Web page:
The evidence on the first head is extremely curious, but cannot be here given: I refer to such cases as that of the art of enumeration, which, as Mr. Tylor clearly shews by reference to the words still used in some places, originated in counting the fingers, first of one hand and then of the other, and lastly of the toes. We have traces of this in our own decimal system, and in the Roman numerals, where, after the V, which is supposed to be an abbreviated picture of a human hand, we pass on to VI, etc., when the other hand no doubt was used. So again, "when we speak of three-score and ten, we are counting by the vigesimal system, each score thus ideally made, standing for 20--for 'one man' as a Mexican or Carib would put it." (34. 'Royal Institution of Great Britain,' March 15, 1867. Also, 'Researches into the Early History of Mankind,' 1865.) According to a large and increasing school of philologists, every language bears the marks of its slow and gradual evolution. So it is with the art of writing, for letters are rudiments of pictorial representations. It is hardly possible to read Mr. M'Lennan's work (35. 'Primitive Marriage,' 1865. See, likewise, an excellent article, evidently by the same author, in the 'North British Review,' July 1869. Also, Mr. L.H. Morgan, 'A Conjectural Solution of the Origin of the Class, System of Relationship,' in 'Proc. American Acad. of Sciences,' vol. vii. Feb. 1868. Prof. Schaaffhausen ('Anthropolog. Review,' Oct. 1869, p. 373) remarks on "the vestiges of human sacrifices found both in Homer and the Old Testament.") and not admit that almost all civilised nations still retain traces of such rude habits as the forcible capture of wives. What ancient nation, as the same author asks, can be named that was originally monogamous? The primitive idea of justice, as shewn by the law of battle and other customs of which vestiges still remain, was likewise most rude. Many existing superstitions are the remnants of former false religious beliefs. The highest form of religion-- the grand idea of God hating sin and loving righteousness--was unknown during primeval times.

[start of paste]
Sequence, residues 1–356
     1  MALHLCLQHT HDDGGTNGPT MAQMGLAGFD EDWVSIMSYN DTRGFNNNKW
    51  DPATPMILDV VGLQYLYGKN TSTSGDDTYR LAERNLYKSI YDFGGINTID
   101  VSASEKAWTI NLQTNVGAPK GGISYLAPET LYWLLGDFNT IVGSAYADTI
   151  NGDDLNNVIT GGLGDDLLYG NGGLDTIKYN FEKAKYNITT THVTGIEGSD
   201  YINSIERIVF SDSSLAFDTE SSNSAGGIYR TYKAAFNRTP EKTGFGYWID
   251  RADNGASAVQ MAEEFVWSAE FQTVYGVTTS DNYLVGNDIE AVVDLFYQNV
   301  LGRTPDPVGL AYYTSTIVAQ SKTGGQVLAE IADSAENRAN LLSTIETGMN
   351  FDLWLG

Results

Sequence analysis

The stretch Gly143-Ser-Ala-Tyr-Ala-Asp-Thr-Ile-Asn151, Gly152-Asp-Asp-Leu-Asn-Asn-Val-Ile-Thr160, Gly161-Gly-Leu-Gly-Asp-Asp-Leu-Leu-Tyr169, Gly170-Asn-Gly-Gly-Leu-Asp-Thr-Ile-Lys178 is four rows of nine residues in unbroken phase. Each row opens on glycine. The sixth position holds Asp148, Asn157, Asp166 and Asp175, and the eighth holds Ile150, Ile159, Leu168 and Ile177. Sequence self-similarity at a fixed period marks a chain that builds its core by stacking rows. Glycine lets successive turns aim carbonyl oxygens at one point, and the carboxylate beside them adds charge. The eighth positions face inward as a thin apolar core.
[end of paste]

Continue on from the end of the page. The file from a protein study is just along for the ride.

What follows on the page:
Turning to the other kind of evidence: Sir J. Lubbock has shewn that some savages have recently improved a little in some of their simpler arts. From the extremely curious account which he gives of the weapons, tools, and arts, in use amongst savages in various parts of the world, it cannot be doubted that these have nearly all been independent discoveries, excepting perhaps the art of making fire. (36. Sir J. Lubbock, 'Prehistoric Times,' 2nd edit. 1869, chaps. xv. and xvi. et passim. See also the excellent 9th Chapter in Tylor's 'Early History of Mankind,' 2nd edit., 1870.) The Australian boomerang is a good instance of one such independent discovery. The Tahitians when first visited had advanced in many respects beyond the inhabitants of most of the other Polynesian islands. There are no just grounds for the belief that the high culture of the native Peruvians and Mexicans was derived from abroad (37. Dr. F. Muller has made some good remarks to this effect in the 'Reise der Novara: Anthropolog. Theil,' Abtheil. iii. 1868, s. 127.); many native plants were there cultivated, and a few native animals domesticated. We should bear in mind that, judging from the small influence of most missionaries, a wandering crew from some semi-civilised land, if washed to the shores of America, would not have produced any marked effect on the natives, unless they had already become somewhat advanced. Looking to a very remote period in the history of the world, we find, to use Sir J. Lubbock's well-known terms, a paleolithic and neolithic period; and no one will pretend that the art of grinding rough flint tools was a borrowed one. In all parts of Europe, as far east as Greece, in Palestine, India, Japan, New Zealand, and Africa, including Egypt, flint tools have been discovered in abundance; and of their use the existing inhabitants retain no tradition. There is also indirect evidence of their former use by the Chinese and ancient Jews. Hence there can hardly be a doubt that the inhabitants of these countries, which include nearly the whole civilised world, were once in a barbarous condition.

Charles Darwin

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